editing

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ed·it

 (ĕd′ĭt)
tr.v. ed·it·ed, ed·it·ing, ed·its
1.
a. To prepare (written material) for publication or presentation, as by correcting, revising, or adapting.
b. To prepare an edition of for publication: edit a collection of short stories.
c. To modify or adapt so as to make suitable or acceptable: edited her remarks for presentation to a younger audience.
2. To supervise the publication of (a newspaper or magazine, for example).
3. To assemble the components of (a film or soundtrack, for example), as by cutting and splicing.
4. To eliminate; delete: edited the best scene out.
n.
An act or instance of editing: made several last-minute edits for reasons of space.
Phrasal Verbs:
edit in
To insert during the course of editing: An additional scene was edited in before the show was aired.
edit out
To delete during the course of editing: A controversial scene was edited out of the film.

[Partly back-formation from editor and partly from French éditer, to publish (from Latin ēditus, past participle of ēdere : ē-, ex-, ex- + dare, to give; see dō- in Indo-European roots).]

editing

(ˈɛdɪtɪŋ)
n
1. the process of correcting and adapting a text, such as an article or book
2. (Journalism & Publishing) the process of collecting together articles, etc, written by different writers, and preparing them for publishing
3. the process of preparing a film or a radio or television programme by selecting, rearranging, or rejecting previously filmed or taped material
4. (Computer Science)
a. the modification of a computer file by, for example, deleting, inserting, moving, or copying text
b. (as modifier): editing software.
ThesaurusAntonymsRelated WordsSynonymsLegend:
Noun1.editing - putting something (as a literary work or a legislative bill) into acceptable formediting - putting something (as a literary work or a legislative bill) into acceptable form
piece of writing, written material, writing - the work of a writer; anything expressed in letters of the alphabet (especially when considered from the point of view of style and effect); "the writing in her novels is excellent"; "that editorial was a fine piece of writing"
literature - creative writing of recognized artistic value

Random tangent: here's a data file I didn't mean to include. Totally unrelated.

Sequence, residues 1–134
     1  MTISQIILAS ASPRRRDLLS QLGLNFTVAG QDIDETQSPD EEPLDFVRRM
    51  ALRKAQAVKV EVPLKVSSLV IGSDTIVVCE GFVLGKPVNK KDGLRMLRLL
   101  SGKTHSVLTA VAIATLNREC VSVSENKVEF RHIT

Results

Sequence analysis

copy editing - putting something into a form suitable for a printer
excision, deletion, cut - the omission that is made when an editorial change shortens a written passage; "an editor's deletions frequently upset young authors"; "both parties agreed on the excision of the proposed clause"
correction - something substituted for an error
revising, rewriting - editing that involves writing something again
Translations

editing

[ˈedɪtɪŋ] N (= management) [of magazine] → redacción f; [of newspaper, dictionary] → dirección f; (= preparation for printing) [of article, series of texts, tape] → edición f; [of film] → montaje m, edición f; [of video] → edición f (Comput) → edición f

editing

[ˈɛdɪtɪŋ]
n
[one's own article, manuscript] → préparation f; [text written by sb else] → édition f
[film, programme] → montage m
modif (COMPUTING) [package, software, tools] → d'éditionediting room n (CINEMA, TV)salle f de montage

editing

n (of series, author, newspaper, magazine)Herausgabe f, → Edieren nt; (of newspaper story, book, text)Redaktion f, → Bearbeitung f; (of film, tape)Schnitt m; (Comput) → Editieren nt
References in periodicals archive ?
In the biggest case more than a decade ago, many American scholarly publications stopped accepting articles by Iranian scientists when Treasury's Office of Foreign Assets Control (OFAC) ruled in 2003 that Americans editing articles written by Iranians violated the trade embargo on Iran.
I first became familiar with Bolt in 2002 while editing articles about a Springdale penny-stock pump-and-dump scheme that he and others were flogging.
Having read some 2,000 pages of financial newsletter research each month for over 30 years, Halpern is uniquely qualified to help educate investors about the value of the investment newsletter community and help self-directed investors find the "best of the best" within the financial newsletter advisory world by editing articles that will appear in the Daily Investing Alert e-newsletter and on MoneyShow.
In addition to Medtronic employees editing articles on InFuse without revealing their involvement, in at least one case, they also recommended against fully reporting adverse event data.